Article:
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The analyzation of The Great Gatsby.

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AN ANALYZATION OF THE GREAT GATSBY BY PRISCILLA A. MEADOWS NOVEMBER 17, 2000 The Great Gatsby written by F. Scott Fitzgerald takes place among the contrast of the neighboring rich and poor. After reuniting with his cousin, Daisy Buchanan, Nick Calloway is thrust into a world in which both rich and poor are miserable and extra marital affairs are common. Not long after meeting Daisy's husband, Tom Buchanan, Nick is soon exposed to the affair Tom is having with Myrtle Wilson. Myrtle Wilson is the wife of auto-mechanic, George Wilson. About this time Jay Gatsby enters the lives of many of the locals as the elusive host to many elaborate parties. Gatsby's interest in Nick eludes him until Jordan Baker enlightens him to the love Gatsby has long felt for Daisy. Jordan is Nicks love interest and a well-known golf champion. As a good friend to Daisy, Jordan has an insight to the feelings that are felt between Gatsby and Daisy. All affairs of the heart come to light one tragic evening and as Gatsby and Daisy leave the others behind Myrtle is killed as she runs across the street. ...read more.


Gatsby's feelings of unwortyness are solidified when Daisy marries wealthy Tom Buchanan not long after Gatsby departs while serving in the military. Gatsby incorrectly assumes that money is all he needs and that the rest will fall into place. Unfortunately with or without money Gatsby cannot have the status and the prestige of old money and Daisy places herself above people with self-made riches. It seems all that Gatsby goes through to attain riches is in vane, for all the money in the world will never suffice in a world like Daisy's. Myrtle Wilson searches for her identity through money. Myrtle evolves into another person when Tom exposes her to a lavish lifestyle. While throwing a party at the apartment she shares with Tom, Myrtle calls a nice dress she is complimented on a "crazy old thing" and says she "slips it on when she doesn't care what she looks like". This statement coming from a woman who resides over a garage is obviously false. Myrtle becomes a spoiled little girl around Tom, acting almost giddy at times with the thought of being bought material possessions no matter what they are. ...read more.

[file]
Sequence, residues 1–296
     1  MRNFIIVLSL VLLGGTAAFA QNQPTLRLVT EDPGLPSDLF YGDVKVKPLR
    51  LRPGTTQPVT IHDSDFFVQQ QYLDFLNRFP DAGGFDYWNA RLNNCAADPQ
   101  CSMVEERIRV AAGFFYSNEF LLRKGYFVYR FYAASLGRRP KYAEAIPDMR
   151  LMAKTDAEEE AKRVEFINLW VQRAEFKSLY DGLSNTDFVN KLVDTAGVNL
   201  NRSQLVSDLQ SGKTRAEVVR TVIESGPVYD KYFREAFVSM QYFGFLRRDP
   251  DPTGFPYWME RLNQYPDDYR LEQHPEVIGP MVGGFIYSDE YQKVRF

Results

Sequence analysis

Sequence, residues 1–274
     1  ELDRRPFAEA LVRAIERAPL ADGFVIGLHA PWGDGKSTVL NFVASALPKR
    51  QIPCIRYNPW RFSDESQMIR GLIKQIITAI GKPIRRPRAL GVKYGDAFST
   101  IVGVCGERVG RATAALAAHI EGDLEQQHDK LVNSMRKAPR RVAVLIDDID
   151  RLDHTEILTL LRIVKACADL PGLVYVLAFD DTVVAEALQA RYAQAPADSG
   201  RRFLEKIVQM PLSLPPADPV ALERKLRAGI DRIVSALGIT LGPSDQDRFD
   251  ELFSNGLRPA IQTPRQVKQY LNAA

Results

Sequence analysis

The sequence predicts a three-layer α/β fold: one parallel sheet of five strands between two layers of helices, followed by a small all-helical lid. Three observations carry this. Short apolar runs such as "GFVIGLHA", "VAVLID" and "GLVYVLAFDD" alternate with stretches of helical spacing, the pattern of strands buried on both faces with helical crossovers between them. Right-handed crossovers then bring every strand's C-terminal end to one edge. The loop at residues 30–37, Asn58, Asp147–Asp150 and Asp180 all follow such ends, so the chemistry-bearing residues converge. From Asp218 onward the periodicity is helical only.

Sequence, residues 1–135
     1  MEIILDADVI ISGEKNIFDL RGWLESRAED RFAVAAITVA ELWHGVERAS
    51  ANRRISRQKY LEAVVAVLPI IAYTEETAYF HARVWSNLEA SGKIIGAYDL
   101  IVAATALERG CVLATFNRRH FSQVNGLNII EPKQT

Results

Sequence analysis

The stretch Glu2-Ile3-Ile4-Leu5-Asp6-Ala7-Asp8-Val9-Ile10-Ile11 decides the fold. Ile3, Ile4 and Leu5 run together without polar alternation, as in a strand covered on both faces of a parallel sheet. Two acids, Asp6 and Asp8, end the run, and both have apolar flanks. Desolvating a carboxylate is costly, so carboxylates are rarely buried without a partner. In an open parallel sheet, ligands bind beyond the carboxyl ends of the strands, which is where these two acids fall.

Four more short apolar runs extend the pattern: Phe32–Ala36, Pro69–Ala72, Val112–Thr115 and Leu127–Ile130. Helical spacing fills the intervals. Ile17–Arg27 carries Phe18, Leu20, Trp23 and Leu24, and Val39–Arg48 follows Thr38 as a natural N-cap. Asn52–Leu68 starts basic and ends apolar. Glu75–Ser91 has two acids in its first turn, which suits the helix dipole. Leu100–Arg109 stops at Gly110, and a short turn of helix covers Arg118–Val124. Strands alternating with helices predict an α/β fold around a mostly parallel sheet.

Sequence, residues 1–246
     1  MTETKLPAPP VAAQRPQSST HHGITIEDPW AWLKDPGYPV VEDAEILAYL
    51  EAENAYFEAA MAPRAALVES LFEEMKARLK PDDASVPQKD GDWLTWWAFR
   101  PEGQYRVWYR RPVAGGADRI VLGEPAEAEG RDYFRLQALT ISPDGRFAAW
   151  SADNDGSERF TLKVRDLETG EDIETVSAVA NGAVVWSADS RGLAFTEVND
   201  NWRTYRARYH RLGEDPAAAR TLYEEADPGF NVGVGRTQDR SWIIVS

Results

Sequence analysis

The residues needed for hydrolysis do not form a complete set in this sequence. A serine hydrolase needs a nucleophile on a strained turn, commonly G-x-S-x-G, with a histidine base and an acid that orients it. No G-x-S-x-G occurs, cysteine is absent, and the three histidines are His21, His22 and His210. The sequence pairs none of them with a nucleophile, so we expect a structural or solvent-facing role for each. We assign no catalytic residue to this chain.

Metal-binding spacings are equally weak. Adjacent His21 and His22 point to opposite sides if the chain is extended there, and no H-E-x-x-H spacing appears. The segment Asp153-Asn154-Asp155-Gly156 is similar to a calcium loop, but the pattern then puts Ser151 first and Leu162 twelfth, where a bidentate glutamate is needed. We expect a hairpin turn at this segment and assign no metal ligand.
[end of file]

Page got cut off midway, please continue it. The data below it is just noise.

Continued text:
Jordan recalls finding Daisy in a drunken stooper clutching in her hand a letter from Gatsby. Daisy mumbles that she has changed her mind about marrying Tom, yet after sobering up continues with the ceremony not mentioning the incident again. Daisy makes her choice of a husband who was socially more acceptable and decided to forego any possibility of love. I feel Daisy would have never been satisfied; she marries a man who has money and is miserable without love; but had Daisy married Gatsby when she had the opportunity she would have probably been unhappy with out the riches. I have discussed man's search for identity as the theme in The Great Gatsby by F. Scott Fitzgerald. In doing so, I noticed that the characters in this novel never once look inside themselves for contentment. The characters I have discussed, and other in this unique, enter twining novel seek to make themselves hole by attaining sexual conquests, material possessions, and above all wealth. Not surprisingly, none of the characters ever get what they want out of life. Gatsby wants the love of Daisy and instead ends up dead; Myrtle sought to hold on to her rich lover and ends up dead; Tom and Daisy stay unhappily married. Reference Page: NO DIRECT QUOTES. ...read more.

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